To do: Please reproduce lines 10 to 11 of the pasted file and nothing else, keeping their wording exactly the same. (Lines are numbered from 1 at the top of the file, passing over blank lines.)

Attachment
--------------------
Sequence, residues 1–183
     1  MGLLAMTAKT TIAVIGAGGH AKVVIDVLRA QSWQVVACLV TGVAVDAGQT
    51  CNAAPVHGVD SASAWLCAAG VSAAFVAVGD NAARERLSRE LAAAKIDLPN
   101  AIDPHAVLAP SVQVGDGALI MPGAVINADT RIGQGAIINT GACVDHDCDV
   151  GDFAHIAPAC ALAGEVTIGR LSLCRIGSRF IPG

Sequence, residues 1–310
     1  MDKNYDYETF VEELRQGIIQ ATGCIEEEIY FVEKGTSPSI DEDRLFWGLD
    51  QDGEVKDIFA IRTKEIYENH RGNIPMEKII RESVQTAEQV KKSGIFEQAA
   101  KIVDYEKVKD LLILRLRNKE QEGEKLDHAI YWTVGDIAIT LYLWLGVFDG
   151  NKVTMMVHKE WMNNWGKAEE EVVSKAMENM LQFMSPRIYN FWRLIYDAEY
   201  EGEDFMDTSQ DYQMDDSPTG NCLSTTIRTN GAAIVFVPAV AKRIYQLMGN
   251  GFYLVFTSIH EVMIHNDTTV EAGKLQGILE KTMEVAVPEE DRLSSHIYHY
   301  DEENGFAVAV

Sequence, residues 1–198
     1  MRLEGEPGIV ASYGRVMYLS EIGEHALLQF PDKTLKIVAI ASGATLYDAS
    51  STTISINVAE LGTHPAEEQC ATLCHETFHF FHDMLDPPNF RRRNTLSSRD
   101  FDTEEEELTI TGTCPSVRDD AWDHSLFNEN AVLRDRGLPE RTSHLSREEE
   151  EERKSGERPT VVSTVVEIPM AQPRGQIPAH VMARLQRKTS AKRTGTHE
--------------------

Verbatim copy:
   151  NKVTMMVHKE WMNNWGKAEE EVVSKAMENM LQFMSPRIYN FWRLIYDAEY
   201  EGEDFMDTSQ DYQMDDSPTG NCLSTTIRTN GAAIVFVPAV AKRIYQLMGN